MetP Pharma‘s patent application for a new method to treat demyelinating and neuroinflammatory diseases, including multiple sclerosis (MS), has been approved by the United States Patent and Trademark Office (USPTO).
The patent, titled “Treatment of Demyelinating Diseases” (U.S. Appl. No. 16/506,830), is valid until 2039, and covers the use of a steroid hormone, such as testosterone, in combination with a Hedgehog pathway modulator.
Steroid hormones are a class of hormones defined by a particular molecular structure, and they play a variety of important roles throughout the body. Testosterone, in particular, is best known for its role in male sex development, but it also plays roles in the regular functioning of the brain, and has been proposed as a therapeutic target for demyelinating diseases (those characterized by the loss of myelin, the protective coat of neurons). MS is a demyelinating disease.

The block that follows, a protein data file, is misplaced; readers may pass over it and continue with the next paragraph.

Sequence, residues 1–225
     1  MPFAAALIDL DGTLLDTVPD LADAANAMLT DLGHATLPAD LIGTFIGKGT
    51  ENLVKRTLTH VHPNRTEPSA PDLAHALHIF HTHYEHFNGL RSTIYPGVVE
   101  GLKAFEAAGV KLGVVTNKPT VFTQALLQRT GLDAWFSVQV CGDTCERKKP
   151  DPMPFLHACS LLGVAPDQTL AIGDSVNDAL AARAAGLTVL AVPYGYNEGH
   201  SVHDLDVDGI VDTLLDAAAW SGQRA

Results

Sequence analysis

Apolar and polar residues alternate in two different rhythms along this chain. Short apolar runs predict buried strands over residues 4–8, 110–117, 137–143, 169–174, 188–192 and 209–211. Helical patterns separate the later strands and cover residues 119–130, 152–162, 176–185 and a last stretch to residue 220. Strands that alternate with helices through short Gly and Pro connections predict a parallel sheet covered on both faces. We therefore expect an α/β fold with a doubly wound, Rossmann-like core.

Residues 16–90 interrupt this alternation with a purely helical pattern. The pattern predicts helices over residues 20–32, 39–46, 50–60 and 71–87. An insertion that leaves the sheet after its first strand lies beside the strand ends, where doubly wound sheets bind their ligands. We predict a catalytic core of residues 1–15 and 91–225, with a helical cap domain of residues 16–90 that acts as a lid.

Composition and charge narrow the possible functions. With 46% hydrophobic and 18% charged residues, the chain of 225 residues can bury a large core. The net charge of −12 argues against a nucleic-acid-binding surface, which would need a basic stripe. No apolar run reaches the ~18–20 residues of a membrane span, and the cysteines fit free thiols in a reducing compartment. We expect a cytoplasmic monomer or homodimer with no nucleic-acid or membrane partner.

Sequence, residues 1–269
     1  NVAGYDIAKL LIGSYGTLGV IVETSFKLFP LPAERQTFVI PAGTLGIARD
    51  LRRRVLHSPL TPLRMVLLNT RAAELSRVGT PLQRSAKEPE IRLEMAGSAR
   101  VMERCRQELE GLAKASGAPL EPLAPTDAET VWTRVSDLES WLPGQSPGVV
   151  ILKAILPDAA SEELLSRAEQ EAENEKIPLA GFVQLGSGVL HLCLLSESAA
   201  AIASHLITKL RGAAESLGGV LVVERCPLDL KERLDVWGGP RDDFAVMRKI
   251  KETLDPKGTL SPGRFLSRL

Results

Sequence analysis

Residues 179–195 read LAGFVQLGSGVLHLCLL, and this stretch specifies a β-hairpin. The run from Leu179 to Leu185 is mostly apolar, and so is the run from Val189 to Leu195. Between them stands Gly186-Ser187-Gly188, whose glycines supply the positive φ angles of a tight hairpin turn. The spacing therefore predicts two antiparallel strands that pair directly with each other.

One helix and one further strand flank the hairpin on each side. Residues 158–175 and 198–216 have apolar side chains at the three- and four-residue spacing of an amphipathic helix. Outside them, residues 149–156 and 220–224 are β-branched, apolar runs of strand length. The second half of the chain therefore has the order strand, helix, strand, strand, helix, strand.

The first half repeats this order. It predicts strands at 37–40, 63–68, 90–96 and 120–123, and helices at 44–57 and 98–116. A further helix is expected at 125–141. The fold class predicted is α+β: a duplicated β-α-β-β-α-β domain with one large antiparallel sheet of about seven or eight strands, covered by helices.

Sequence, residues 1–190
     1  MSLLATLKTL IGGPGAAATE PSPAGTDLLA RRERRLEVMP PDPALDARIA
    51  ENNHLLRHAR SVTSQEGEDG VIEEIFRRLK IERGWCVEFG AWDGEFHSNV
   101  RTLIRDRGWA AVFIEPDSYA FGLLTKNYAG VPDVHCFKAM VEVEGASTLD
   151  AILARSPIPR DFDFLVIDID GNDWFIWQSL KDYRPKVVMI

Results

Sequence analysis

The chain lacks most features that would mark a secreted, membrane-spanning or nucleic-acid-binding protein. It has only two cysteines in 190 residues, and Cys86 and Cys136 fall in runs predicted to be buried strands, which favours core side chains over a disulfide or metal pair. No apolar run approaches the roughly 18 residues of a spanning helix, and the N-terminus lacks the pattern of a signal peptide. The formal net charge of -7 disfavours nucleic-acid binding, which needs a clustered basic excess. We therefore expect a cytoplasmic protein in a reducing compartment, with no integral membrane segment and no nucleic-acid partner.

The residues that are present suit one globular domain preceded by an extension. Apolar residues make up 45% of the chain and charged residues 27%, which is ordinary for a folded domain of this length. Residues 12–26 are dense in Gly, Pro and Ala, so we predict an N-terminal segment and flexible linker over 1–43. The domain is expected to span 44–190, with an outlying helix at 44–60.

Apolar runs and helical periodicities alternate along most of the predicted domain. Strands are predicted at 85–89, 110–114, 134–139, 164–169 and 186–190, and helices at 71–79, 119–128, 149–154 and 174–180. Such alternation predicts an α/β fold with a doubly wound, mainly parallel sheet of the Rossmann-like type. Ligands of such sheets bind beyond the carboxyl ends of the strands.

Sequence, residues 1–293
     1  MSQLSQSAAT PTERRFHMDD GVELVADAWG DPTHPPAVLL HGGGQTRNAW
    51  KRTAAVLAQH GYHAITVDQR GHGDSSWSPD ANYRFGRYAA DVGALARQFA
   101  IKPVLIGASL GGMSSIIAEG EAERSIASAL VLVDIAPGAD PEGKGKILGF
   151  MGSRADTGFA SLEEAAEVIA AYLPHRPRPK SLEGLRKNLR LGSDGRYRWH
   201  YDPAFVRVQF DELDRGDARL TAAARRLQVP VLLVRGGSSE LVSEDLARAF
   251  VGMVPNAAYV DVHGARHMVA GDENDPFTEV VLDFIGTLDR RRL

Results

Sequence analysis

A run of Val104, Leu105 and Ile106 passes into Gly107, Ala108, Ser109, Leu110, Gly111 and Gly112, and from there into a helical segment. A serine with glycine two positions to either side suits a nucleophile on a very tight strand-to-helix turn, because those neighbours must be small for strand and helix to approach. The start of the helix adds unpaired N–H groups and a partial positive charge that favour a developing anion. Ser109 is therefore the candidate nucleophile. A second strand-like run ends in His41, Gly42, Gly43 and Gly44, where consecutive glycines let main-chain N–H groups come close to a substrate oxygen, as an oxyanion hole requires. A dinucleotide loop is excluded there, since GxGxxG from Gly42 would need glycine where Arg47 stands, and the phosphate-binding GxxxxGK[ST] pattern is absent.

The hedgehog pathway (named for the way flies with mutations in these genes look) is a molecular pathway through which cells transmit information to each other. It is best known for its importance in the development of numerous organ systems, including the brain, and also has been implicated to play a role in protecting neurons from demyelination.
Research suggesting that treatment with testosterone, together with a compound that modulates (changes the activity of) the hedgehog pathway, can drive remyelination and promote neural repair is the basis of the new patent.
The patent broadly covers the use of this therapeutic approach in demyelinating and inflammatory diseases of the nervous system, including MS, amyotrophic lateral sclerosis (ALS), Devic’s disease, Alzheimer’s disease, Guillain-Barré syndrome, and chronic inflammatory demyelinating polyneuropathy.
The patent covers any route of administration, favoring nasal spray. It also allows the administration of the two components together, one at a time, or some variation thereof.
According to MetP Pharma, this new therapeutic approach offers a new regenerative strategy with the potential of repairing already damaged myelin, whereas current therapeutic strategies lack an efficient regenerative potential.
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